Anxiety Counselling (& Panic Attacks)
Everyone feels anxious and under stress from time to time and situations such as social events, work meetings and unexpected changes such as a loss, illness or new birth, often bring about anxious feelings. Mild anxiety is part of being human, an instinct to perhaps warn you and help you to be on the alert. But anxiety at the other end of the scale causes severe distress over a period of time and disrupts your life. The frequency and intensity of anxiety at this level is often debilitating. Symptoms such as shortness of breath, racing heartbeat, trembling and dizziness often accompany certain anxiety disorders such as panic and generalized anxiety disorders. But fortunately counselling can help you lead a normal life.
Counselling can be a very effective way of understanding what are often underlying reasons for generalized states of anxiety or high anxiety ‘attacks’.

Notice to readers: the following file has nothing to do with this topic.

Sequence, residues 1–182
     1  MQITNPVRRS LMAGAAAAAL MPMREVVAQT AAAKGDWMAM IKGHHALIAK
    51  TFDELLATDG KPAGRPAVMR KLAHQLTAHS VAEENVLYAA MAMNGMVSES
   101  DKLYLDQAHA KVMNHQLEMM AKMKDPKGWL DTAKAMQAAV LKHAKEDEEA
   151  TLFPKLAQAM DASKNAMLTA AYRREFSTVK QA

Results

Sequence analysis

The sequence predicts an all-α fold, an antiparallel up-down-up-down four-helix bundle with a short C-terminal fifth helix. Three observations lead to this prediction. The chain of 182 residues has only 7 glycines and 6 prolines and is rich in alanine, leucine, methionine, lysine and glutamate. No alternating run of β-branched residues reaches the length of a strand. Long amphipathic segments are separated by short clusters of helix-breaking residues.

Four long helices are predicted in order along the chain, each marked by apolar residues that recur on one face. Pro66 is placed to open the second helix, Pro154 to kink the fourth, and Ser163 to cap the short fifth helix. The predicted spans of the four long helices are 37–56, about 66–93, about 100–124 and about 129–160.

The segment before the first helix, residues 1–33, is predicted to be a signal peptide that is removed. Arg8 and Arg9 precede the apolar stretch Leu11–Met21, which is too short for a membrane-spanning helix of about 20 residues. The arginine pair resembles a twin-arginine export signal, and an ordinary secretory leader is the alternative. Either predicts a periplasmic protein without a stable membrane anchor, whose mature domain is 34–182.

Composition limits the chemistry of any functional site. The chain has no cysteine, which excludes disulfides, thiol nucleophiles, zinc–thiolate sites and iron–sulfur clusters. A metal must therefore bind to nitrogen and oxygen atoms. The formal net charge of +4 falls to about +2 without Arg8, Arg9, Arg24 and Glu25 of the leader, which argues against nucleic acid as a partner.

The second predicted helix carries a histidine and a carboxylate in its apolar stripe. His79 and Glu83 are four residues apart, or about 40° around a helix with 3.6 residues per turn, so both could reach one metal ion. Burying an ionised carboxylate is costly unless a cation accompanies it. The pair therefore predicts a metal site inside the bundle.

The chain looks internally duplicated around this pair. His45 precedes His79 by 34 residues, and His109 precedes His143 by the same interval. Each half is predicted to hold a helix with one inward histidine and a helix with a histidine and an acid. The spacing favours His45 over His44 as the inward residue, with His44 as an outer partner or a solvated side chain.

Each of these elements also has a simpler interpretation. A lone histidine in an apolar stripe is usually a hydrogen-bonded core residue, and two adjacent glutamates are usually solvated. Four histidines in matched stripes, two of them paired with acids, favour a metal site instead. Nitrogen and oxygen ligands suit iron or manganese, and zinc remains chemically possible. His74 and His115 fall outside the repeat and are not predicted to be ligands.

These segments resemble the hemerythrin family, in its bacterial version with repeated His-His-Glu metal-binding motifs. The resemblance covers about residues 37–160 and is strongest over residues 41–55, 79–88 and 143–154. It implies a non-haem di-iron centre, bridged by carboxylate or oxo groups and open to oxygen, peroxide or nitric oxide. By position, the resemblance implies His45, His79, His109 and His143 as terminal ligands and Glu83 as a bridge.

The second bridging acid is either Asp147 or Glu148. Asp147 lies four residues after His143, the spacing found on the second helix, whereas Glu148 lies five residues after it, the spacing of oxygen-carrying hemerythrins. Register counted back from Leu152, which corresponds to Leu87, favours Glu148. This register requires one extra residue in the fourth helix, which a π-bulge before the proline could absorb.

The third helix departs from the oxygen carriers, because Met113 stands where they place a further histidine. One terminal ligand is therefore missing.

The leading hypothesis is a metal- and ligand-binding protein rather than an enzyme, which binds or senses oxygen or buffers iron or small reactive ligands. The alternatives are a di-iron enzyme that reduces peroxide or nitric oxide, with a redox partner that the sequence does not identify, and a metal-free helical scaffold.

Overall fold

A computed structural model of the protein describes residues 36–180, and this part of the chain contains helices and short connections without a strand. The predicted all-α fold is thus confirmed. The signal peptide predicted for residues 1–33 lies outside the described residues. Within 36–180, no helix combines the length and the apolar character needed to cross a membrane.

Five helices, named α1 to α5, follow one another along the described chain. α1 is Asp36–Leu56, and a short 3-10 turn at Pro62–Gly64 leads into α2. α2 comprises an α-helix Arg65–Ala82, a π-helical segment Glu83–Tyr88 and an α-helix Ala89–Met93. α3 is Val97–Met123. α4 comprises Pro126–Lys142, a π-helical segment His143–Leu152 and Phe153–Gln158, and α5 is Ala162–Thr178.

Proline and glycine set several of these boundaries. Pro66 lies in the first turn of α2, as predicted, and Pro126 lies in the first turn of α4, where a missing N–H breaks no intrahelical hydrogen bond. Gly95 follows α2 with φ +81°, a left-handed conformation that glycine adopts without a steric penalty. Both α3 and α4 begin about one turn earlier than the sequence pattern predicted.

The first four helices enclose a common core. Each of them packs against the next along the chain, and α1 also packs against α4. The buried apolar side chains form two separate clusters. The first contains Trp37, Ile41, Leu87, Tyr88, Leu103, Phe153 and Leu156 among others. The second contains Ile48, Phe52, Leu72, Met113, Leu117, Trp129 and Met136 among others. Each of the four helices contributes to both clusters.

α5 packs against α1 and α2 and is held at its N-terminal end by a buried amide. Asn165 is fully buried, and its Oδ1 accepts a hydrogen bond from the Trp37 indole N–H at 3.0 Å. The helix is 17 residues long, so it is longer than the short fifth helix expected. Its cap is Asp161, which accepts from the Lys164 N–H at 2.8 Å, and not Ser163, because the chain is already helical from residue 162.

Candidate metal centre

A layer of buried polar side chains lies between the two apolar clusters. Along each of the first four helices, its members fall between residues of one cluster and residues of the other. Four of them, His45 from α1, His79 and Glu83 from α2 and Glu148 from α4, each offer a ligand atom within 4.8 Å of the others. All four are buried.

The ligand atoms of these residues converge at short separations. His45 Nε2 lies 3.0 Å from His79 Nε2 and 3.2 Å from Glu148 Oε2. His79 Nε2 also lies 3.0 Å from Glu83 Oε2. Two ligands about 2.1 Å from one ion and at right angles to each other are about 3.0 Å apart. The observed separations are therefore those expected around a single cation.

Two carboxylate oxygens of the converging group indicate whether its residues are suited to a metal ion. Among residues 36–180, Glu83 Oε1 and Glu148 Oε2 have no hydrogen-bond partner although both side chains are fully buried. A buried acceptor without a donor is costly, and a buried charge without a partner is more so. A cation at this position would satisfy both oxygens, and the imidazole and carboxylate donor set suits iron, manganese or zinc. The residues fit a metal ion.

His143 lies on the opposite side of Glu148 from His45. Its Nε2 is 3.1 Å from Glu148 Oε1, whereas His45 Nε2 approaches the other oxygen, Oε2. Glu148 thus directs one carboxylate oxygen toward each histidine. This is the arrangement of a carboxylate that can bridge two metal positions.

- Panic disorder involves sudden, intense and unprovoked feelings of terror and dread. People who suffer from this disorder generally develop strong fears about when and where their next panic attack will occur, and they often restrict their activities as a result.
- A related disorder involves phobias, or intense fears, about certain objects or situations. Specific phobias may involve things such as encountering certain animals or flying in airplanes, whereas social phobias involve fear of social settings or public places.
- Obsessive-compulsive disorder is characterized by persistent, uncontrollable and unwanted feelings or thoughts (obsessions) and routines or rituals in which individuals engage to try to prevent or rid themselves of these thoughts (compulsions). Examples of common compulsions include washing hands or cleaning house excessively for fear of germs, or checking over something repeatedly for errors.
- Someone who suffers severe physical or emotional trauma such as from a natural disaster or serious accident or crime may experience post-traumatic stress disorder (PTSD). Thoughts, feelings and behaviour patterns become seriously affected by reminders of the event, sometimes months or even years after the traumatic experience.